The games marked a first for the Pokémon series with the integration of soaring. For the first time (and last, to date), players could climb on the back of a Latios or Latias to fly over the land of Hoenn. Players could always use flying Pokémon to fast-travel, but this marked the first time players could actively control the flight.

Historically, remakes following new titles marked somewhat lower sales for Pokémon games, but Omega Ruby and Alpha Sapphire spurned that trend – to date they have sold more than 13 million copies.

Gen 7

Pokémon Sun and Moon (2016)

Game Freak leaned harder into the 3DS hardware for Pokémon’s best-looking entries. Despite not marking a platform change for the series, Sun and Moon were still a difficult project for Ohmori, the game’s director. “I didn’t go to the hospital, but I definitely had a lot of stomachaches on Sun and Moon just from the stress,” Ohmori says. “One of the main reasons, or one of the most challenging for that, was with Sun and Moon we knew we kind of wanted to shake up the typical gameplay and structure of the games a little bit.”

“We knew we wanted to use this four island concept and take the player across the different islands and each island would have its own kind of type that is strong,” Ohmori says. “That concept of how they would experience the game really came first.”

The game launched during Pokémon’s 20th anniversary and marked Masuda’s exit from director duties for the original core Pokémon releases, which was why Ohmori did his best to try and change up some of the series’ core concepts. Players still train and fight Pokémon, but a new trials system made players perform strange tasks, such as photograph ghost Pokémon, or participate in atypical battles to acquire badges. “That feature actually really wasn’t locked down or figured out until we really went into the main debugging phase,” Ohmori says. “I was really paying attention to social media when the games came out just to see if people would accept this new trial system, and the impression I got was that they did seem to like it in general and it made it feel fresh.”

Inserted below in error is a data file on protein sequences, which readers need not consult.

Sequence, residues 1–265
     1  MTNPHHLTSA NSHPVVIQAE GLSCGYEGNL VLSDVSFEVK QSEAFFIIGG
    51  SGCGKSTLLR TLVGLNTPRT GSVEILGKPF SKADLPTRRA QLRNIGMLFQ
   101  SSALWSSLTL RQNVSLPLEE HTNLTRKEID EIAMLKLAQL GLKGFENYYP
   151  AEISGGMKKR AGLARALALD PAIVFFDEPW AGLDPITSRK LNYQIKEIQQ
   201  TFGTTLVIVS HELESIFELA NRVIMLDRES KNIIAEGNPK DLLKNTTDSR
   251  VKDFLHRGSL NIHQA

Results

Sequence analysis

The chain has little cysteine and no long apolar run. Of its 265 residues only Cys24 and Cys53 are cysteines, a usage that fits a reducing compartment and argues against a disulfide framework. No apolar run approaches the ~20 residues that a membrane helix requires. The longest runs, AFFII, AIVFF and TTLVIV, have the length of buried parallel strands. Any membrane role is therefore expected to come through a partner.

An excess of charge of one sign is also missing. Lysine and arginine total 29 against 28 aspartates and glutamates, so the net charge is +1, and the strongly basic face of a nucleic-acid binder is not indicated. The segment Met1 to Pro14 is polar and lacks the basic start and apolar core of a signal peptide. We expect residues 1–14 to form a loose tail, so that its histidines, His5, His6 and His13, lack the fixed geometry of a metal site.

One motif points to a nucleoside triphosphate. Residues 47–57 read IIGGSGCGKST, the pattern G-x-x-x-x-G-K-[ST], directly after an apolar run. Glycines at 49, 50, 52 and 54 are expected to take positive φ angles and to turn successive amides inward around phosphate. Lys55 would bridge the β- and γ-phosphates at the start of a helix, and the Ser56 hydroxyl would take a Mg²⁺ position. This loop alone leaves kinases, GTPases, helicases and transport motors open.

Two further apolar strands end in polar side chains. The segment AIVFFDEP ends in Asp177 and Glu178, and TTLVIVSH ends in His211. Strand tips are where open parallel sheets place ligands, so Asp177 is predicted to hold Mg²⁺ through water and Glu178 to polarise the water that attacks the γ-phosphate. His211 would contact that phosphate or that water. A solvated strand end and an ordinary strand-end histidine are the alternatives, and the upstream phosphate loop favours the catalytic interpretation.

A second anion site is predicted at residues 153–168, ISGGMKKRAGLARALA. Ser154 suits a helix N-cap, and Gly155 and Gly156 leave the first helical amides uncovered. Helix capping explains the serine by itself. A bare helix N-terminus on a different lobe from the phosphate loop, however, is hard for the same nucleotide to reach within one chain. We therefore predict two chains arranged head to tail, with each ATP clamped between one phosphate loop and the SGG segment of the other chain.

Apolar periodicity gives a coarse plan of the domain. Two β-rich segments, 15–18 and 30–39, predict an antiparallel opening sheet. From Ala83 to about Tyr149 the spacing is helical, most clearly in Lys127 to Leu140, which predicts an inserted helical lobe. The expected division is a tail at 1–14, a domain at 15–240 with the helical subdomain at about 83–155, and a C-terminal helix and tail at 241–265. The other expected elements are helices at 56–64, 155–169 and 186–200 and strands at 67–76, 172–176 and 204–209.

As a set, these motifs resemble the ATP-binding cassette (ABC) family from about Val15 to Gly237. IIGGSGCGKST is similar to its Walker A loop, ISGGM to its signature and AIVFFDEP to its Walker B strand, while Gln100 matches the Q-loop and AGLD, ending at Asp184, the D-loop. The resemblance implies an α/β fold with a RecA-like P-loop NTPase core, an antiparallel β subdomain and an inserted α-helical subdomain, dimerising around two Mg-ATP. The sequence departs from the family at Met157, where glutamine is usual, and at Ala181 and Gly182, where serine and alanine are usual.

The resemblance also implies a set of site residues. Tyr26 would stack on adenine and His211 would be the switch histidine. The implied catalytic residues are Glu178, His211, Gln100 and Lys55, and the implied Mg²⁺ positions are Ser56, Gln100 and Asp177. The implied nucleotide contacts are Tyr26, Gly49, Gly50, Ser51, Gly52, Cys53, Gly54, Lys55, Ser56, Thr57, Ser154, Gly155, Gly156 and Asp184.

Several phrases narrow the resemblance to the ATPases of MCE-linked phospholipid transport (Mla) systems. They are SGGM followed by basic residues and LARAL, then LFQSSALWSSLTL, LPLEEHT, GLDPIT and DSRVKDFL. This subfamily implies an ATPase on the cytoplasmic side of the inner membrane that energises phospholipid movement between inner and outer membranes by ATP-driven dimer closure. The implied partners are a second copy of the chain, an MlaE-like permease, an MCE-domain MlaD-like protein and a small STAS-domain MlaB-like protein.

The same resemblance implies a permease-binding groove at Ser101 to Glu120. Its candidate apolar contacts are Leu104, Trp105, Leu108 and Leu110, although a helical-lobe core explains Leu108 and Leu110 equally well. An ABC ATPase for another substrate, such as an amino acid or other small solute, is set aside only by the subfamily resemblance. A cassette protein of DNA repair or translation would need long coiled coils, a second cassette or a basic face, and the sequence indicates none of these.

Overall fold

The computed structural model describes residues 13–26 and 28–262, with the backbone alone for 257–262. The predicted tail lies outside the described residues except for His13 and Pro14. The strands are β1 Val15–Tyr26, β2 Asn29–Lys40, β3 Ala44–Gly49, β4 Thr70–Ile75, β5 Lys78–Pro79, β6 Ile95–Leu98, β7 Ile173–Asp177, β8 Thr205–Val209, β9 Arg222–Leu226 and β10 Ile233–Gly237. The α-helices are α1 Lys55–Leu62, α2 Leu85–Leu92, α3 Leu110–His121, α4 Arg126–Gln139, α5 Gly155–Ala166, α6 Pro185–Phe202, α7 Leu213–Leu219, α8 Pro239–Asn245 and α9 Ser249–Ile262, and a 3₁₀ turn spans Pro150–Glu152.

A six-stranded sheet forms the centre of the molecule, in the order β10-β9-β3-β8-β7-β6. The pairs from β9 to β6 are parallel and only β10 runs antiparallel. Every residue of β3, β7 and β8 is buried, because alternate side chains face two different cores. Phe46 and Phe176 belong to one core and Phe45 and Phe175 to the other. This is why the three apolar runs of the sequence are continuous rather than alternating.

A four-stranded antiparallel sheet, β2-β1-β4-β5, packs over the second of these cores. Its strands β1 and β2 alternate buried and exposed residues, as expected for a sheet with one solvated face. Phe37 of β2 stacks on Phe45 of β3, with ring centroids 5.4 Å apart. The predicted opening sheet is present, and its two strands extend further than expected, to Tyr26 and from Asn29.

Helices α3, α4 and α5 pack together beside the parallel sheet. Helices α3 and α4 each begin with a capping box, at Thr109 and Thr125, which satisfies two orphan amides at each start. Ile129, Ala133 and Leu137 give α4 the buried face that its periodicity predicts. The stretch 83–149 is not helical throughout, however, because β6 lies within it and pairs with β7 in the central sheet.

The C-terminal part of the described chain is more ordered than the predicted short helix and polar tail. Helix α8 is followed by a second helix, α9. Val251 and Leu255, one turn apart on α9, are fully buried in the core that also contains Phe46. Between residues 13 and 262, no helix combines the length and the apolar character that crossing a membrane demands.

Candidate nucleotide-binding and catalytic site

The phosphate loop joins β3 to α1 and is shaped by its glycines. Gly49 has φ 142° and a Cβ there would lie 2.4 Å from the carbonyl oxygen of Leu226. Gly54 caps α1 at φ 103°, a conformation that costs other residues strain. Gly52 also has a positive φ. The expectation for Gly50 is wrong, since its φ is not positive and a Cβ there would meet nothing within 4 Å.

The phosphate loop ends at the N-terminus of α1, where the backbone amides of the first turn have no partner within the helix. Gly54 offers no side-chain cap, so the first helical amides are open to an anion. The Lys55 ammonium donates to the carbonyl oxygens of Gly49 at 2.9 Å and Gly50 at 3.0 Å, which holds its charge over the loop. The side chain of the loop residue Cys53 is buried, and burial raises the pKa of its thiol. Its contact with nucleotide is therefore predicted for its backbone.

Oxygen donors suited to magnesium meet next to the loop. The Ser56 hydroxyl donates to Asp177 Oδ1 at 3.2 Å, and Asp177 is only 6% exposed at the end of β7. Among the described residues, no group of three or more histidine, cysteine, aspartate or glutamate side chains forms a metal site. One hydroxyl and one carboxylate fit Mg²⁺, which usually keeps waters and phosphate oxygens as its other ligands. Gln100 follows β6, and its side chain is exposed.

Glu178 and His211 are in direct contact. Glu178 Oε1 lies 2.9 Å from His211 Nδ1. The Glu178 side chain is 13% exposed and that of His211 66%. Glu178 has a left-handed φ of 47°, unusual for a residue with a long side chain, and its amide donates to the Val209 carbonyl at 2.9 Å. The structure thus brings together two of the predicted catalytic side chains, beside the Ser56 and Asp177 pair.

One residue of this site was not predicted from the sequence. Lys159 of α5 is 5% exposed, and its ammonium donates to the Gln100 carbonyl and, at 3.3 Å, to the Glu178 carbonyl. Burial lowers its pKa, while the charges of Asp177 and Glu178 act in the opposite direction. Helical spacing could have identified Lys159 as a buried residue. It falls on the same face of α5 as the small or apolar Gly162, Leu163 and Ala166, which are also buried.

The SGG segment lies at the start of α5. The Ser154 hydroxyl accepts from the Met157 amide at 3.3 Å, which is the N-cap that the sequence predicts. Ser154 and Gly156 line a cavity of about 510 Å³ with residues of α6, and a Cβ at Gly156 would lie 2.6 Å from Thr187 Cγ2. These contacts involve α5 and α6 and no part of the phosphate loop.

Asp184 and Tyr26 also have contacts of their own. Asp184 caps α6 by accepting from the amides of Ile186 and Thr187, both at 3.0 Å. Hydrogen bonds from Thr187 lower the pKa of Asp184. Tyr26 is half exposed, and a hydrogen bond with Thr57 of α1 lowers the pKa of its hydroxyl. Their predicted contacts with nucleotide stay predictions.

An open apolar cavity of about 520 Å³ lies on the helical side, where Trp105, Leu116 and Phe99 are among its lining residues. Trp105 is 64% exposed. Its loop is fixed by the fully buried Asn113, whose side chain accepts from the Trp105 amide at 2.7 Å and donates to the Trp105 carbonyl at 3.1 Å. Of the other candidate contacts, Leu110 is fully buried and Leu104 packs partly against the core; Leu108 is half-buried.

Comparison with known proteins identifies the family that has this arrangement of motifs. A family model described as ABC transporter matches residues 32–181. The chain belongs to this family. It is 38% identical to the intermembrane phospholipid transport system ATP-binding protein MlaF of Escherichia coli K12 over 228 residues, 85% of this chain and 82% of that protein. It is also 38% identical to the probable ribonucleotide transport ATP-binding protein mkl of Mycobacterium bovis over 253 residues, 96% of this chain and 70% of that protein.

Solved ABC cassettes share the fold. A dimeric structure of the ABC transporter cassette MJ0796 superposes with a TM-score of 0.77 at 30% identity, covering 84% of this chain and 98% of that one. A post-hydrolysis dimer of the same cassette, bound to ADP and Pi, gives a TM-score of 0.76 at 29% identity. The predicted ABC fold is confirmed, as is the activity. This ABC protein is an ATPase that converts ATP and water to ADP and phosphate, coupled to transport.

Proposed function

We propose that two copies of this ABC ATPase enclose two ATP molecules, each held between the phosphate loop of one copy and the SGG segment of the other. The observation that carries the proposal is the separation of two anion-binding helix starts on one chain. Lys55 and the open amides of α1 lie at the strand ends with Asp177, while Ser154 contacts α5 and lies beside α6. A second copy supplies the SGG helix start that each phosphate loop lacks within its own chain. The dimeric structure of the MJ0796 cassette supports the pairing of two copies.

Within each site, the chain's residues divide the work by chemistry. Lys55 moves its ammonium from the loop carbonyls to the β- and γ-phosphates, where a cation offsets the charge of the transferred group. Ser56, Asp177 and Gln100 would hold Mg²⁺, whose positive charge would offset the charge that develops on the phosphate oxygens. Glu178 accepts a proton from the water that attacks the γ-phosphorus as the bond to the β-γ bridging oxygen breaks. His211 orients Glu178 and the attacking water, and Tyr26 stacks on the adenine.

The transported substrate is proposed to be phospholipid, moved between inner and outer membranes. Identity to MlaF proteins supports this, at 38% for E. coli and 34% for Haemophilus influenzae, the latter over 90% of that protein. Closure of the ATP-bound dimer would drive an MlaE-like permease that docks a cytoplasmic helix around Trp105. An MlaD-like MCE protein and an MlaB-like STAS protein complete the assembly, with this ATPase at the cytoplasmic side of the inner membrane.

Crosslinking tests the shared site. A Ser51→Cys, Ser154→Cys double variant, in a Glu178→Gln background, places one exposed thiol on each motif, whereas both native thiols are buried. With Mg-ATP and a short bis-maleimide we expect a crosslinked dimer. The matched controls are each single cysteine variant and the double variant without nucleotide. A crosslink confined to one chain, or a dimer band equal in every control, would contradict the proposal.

It was so late, in fact, that the programming and art teams were not able to lend much help for the trials’ creation. “I had to figure out a way that just us game designers could create these features and figure out the content of the actual trials. So we had a basic scripting language we could use, but obviously we couldn’t create new visuals,” Ohmori says. “We were trying things like maybe we have a sound quiz or something, so we came up with a lot of ideas based in the restrictions we had.”

The Future Of Pokémon

The Future Of Pokémon
We know only a few things for certain about the future of Pokémon. Game Freak is revisited Sun and Moon for follow-ups called Ultra Sun and Ultra Moon that released in November on 3DS. This new version included an alternate story, along with Pokémon that weren’t previously included, among other changes.

Which brings us to Nintendo Switch. At E3 2017, The Pokémon Company’s president and CEO, Tsunekazu Ishihara, appeared briefly in Nintendo’s Spotlight presentation to confirm that a core Pokémon RPG is currently in development for the platform, and while visiting Game Freak, the developer was expectedly cagey about the game.